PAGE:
Malcolm says:
18 November 2010

Hope you don’t mind me going off at a tangent. Having just come across this thread I notice that at the start Fat Sam said “VM’s customer service is absolutely diabolical. ….. They seem to have inherited everything that was bad about NTL when they acquired NTL:Telewest.” The reason for that is that the takeover operated the other way round – NTL acquired Virgin Mobile and a licence to use the name Virgin. The Virgin Goup is a minority shareholder in Virgin Media which is a company based in the USA but operating in the UK. This is how the Virgin Group operates. Lots of things branded Virgin only have the Virgin Group as one of the shareholders. Though many people deride anything branded Virgin there are many business people who pay good money to use the name.

Martin says:
19 November 2010

i had this problem with a Virgin Net email address when I wanted to switch because the service was poor. So I opened a mac.com Mobile Me account (I use an Apple iMac) email address and switched to Zen. Even though I have a Zen email address, I don’t use it, and I can drop it and maintain the mac.com address if I switch ISPs.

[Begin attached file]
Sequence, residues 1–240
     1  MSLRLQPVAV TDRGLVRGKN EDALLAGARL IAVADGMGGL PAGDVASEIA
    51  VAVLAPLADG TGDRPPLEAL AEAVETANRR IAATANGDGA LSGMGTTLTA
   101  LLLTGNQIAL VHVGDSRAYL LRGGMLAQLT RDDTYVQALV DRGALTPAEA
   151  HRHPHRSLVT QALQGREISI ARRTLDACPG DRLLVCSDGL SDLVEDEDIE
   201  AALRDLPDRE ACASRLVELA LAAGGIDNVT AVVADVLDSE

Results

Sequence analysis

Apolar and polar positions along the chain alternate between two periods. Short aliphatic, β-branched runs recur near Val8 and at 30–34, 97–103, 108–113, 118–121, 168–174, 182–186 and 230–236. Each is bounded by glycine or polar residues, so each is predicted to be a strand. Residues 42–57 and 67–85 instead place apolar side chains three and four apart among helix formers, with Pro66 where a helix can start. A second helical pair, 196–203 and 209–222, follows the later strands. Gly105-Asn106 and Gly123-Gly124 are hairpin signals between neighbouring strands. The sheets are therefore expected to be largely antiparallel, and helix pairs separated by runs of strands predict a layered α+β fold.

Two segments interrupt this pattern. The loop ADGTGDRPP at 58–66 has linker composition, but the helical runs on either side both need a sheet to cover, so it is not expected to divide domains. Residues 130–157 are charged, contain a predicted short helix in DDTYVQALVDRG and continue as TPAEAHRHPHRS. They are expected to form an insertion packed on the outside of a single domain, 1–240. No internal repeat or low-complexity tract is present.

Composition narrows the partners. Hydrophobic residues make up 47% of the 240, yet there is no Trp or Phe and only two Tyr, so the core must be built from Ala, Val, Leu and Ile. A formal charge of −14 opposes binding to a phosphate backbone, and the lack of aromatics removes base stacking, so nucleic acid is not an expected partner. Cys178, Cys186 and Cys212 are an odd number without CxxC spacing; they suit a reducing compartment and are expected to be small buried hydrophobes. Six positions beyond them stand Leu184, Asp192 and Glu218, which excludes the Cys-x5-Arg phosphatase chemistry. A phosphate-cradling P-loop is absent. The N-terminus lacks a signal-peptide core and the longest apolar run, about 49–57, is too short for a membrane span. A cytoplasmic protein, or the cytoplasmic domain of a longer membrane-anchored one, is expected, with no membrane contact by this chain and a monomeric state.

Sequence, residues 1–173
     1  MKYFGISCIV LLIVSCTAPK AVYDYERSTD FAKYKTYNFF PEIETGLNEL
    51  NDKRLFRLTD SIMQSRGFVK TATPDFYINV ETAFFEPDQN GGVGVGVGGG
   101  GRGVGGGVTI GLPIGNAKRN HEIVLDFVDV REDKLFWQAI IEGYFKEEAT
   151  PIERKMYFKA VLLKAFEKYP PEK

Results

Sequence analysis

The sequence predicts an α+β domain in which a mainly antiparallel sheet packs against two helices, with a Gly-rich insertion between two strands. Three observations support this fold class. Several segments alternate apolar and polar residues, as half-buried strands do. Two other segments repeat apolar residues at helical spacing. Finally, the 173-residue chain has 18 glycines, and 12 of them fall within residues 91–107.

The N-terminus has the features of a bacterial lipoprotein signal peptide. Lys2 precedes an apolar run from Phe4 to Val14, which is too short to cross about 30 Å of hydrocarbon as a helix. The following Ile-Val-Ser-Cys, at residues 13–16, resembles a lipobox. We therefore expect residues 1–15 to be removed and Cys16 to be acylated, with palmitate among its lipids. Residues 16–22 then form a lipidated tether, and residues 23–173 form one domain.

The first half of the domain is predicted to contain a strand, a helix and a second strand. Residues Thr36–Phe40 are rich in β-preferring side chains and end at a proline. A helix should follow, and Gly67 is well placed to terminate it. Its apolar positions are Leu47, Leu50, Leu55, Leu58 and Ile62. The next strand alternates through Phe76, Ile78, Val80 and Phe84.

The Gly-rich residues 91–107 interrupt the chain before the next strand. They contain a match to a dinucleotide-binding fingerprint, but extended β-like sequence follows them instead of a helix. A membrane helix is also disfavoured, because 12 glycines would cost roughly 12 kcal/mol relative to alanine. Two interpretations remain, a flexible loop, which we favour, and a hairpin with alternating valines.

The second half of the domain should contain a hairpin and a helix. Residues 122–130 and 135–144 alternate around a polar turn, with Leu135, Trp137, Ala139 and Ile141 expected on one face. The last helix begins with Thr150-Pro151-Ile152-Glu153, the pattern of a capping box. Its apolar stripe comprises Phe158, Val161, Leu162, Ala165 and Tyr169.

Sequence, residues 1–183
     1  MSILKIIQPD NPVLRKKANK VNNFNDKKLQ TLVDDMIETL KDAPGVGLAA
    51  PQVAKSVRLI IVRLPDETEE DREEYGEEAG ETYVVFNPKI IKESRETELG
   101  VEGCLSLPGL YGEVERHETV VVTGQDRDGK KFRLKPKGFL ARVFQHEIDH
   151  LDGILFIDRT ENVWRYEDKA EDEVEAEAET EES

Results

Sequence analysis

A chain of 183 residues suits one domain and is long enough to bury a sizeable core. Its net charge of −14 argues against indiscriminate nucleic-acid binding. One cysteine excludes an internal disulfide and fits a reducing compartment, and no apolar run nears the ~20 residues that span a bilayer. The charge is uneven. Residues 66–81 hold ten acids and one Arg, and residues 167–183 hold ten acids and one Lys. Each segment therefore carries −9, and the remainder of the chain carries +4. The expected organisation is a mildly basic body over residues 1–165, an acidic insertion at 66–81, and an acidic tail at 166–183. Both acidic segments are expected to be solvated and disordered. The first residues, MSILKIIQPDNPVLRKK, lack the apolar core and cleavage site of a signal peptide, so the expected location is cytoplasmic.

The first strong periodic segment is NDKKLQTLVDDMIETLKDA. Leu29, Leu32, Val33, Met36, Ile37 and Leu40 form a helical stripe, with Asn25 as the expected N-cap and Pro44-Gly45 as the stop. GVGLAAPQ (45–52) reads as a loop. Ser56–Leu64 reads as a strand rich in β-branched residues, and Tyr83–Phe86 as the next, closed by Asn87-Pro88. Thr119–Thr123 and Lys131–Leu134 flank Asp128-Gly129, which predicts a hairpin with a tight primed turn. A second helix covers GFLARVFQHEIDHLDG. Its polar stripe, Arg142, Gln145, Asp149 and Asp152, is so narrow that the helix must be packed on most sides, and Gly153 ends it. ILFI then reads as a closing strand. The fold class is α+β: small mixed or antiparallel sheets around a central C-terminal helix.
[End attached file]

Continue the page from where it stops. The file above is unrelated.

I also like madasafish.com as another web based email address. Wouldn’t touch yahoo or hotmail.

I’ve so many e-mail addresses in the past, I’ve lost track :/

Although I have an MSN one since 2002/2003 & Its always added as an back up/storage one & made clear that’s what is for.

Sadly I’ll never leave BT Plc (Rubbish Yahoo.Com Mail Online Web Mail Provider), As I love The BT Plc E-mail address, As everyone knows it & I’ve been using it for a few years now & always using it.

OfCom,OFT, Should make sure we can switch/transfer an e-mail addresses,As we can now do if with mobile numbers,land line numbers,internet service providers.

If I had to I’d stay with BT Plc, But still move to VirginMedia for faster fiber optic cabled broadband.

Sky/BSKYB should not allow this, They should re-dorect everyone’s e-mail with Uk Online E-mail accounts forever, As Sky/BSKYB can afford it & Also have the resources 🙂

Come on Uk Government need to look in to this along with OFT,OfCom, & Other Uk Watch Dogs 🙂

Dave not stuck now says:
19 November 2010

I’ve just bought my own domain – cost me £6.98 for two years. I have two email addresses that my contacts know and all that happens is that messages are forwarded to my ISP’s email account. Now I can change ISP to my heart’s content without having to inform all & sundry about the change.